The first display of that weekend was flown as a singleton due to an aircraft unserviceability but the Sunday was flown as a pair. After the display had finished we held off to allow the Typhoon to complete its routine and then we flew the recovery to close the show. A ‘Missing-Man’ flypast was flown in honour of our colleagues who had died, with hardly a dry eye in the house. It was a fitting way to remember our friends and to close what had been an awful week.
With the imminent disbandment of the Tornado Force, in March 2017 it was agreed that XV(R) Squadron would stand down. I was privileged to lead the last five-ship formation which included flypasts at Aberdeen, Leuchars, Tain Range and Lossiemouth. It was an emotional day out and just a small insight into the events to come in 2019.
Following completion of my time at Lossiemouth I was once again posted back to the front line at RAF Marham. There then followed a two-year spell of almost constant operations, flying missions over Iraq and Syria from RAF Akrotiri. The sorties tended to be fairly similar for most of the time, but an occasional re-task or requirement to support friendly forces always got the heart rate up.
My last Tornado operational sortie was flown over 28 years after I first crossed the border into Iraq. It was marked by a quick aileron roll as we crossed the border and exited Iraq for the last time.
A massive Tornado highlight for me was the return flight back to the UK. We launched five jets on the Monday and the remaining three left Akrotiri the following day. The weather was not ideal but after nearly 5 ½ hours we landed back at RAF Marham, to be met by family, friends, members of both local and national media and several VIPs.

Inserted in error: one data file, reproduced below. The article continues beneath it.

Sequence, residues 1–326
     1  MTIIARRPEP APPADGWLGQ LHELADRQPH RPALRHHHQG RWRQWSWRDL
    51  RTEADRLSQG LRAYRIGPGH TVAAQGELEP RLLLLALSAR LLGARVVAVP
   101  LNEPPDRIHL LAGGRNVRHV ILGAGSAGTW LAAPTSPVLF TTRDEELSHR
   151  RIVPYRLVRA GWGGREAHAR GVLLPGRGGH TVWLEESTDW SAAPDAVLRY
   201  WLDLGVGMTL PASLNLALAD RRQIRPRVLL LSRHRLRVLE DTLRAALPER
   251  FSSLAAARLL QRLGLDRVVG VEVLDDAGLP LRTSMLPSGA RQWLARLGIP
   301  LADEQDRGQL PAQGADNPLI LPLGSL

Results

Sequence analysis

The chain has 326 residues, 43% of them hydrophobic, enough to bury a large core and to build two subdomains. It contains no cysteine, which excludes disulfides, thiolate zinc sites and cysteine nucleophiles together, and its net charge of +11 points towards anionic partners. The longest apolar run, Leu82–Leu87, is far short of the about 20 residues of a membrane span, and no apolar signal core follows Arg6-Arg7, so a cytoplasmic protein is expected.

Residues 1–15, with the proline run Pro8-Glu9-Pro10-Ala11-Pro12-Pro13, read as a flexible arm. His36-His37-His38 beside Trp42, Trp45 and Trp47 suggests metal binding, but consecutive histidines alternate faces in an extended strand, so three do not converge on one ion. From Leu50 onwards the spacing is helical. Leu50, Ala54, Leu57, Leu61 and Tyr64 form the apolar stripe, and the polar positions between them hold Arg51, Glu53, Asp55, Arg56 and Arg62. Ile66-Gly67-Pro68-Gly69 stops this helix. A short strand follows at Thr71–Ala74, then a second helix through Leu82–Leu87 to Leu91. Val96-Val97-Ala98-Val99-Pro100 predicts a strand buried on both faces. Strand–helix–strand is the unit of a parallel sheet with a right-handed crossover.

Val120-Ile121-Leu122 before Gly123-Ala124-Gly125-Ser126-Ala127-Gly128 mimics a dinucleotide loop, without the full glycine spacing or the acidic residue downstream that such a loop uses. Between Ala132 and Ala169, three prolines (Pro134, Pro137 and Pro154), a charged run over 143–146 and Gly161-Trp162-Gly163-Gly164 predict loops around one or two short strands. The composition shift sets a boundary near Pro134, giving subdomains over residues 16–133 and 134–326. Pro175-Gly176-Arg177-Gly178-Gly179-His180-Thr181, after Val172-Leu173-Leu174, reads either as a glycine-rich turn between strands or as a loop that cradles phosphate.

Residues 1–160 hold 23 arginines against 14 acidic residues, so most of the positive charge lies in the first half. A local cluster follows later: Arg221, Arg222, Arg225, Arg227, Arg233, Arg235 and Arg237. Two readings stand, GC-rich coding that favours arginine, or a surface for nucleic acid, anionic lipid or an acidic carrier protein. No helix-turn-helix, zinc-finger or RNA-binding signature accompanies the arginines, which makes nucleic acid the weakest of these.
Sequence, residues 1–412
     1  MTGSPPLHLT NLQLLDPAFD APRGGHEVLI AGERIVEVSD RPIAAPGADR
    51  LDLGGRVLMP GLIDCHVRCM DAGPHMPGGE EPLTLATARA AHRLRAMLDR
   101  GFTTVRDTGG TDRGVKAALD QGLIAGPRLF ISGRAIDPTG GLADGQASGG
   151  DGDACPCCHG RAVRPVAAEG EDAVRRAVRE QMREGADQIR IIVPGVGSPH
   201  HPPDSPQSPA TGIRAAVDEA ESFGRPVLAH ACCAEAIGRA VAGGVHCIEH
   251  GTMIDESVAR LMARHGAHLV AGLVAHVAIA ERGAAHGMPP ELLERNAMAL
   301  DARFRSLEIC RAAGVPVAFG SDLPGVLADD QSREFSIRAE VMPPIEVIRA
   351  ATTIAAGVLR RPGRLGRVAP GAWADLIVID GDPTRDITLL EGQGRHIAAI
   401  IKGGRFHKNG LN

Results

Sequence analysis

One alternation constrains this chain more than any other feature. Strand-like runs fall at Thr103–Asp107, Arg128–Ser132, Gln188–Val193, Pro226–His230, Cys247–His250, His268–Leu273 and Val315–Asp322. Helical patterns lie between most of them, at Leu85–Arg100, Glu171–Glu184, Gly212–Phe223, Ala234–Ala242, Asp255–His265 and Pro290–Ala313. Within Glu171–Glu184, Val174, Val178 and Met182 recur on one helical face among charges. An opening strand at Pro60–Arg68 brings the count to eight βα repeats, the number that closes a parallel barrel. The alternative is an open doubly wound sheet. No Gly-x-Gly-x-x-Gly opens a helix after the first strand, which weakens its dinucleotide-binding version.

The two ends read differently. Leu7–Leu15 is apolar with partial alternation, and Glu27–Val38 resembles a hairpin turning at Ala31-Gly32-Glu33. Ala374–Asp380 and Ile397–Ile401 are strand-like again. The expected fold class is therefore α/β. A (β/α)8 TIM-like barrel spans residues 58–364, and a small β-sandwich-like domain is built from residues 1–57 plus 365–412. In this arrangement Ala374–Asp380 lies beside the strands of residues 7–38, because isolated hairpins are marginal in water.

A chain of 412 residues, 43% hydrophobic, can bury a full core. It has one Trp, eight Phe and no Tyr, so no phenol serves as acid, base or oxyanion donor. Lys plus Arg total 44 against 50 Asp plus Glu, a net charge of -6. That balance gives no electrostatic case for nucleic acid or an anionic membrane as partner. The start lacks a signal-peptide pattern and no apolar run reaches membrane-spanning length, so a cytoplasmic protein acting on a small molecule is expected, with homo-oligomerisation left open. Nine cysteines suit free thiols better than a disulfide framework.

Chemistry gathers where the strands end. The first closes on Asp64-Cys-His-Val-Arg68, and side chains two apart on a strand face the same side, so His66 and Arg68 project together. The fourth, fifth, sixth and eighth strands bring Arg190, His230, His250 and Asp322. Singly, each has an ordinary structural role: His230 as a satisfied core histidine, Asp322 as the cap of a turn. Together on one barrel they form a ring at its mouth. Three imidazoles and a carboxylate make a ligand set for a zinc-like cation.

The sortie was also significant as, after just over four hours in to the transit, and whilst over Southern France in view of the Alps, I became the first person to achieve 6000 flying hours on the Tornado. The event was celebrated with another aileron roll, the standard way to mark a significant event.
This massive total would not have been possible without the help and support of a number of people, including my current Squadron Boss. It is an achievement of which I am massively proud. I have a lot of respect for other members of the Tornado Force and to be the only person to have achieved such a milestone is humbling.
To be involved in the final few weeks of the Tornado Force has been an immense honour and to have flown on the nine-ship formation flypast, in the aircraft that bears my name on the canopy, was a truly proud moment.
My last sortie was flown almost 31 ½ years after my first trip, and culminated in a champagne celebration with close friends and colleagues after we had shut down. I was surprised at the lack of emotion I felt as I climbed out of the aircraft for the last time. I guess it just hasn’t sunk in yet that I will never fly this wonderful aircraft ever again.
In over 31 years, 6011 Tornado flying hours, over 320 operational sorties, nearly 20 operational detachments (not including the numerous exercises and detachments I have supported) I have more wonderful memories than I could possibly write down in one short article. Maybe there is a book to be written sometime in the future.
Thank you Tornado, and thank you to all of the people who have flown, engineered and supported this iconic aircraft.
Flt Lt Chris Stradling
Global Aviation Resource would like to thank everyone who sent in their words and pictures for this exclusive ‘Farewell Tornado’ feature.
We’ll wrap the retirement series up with one final piece – an extensive gallery of the Tornado GR in RAF service which includes more than 400 images.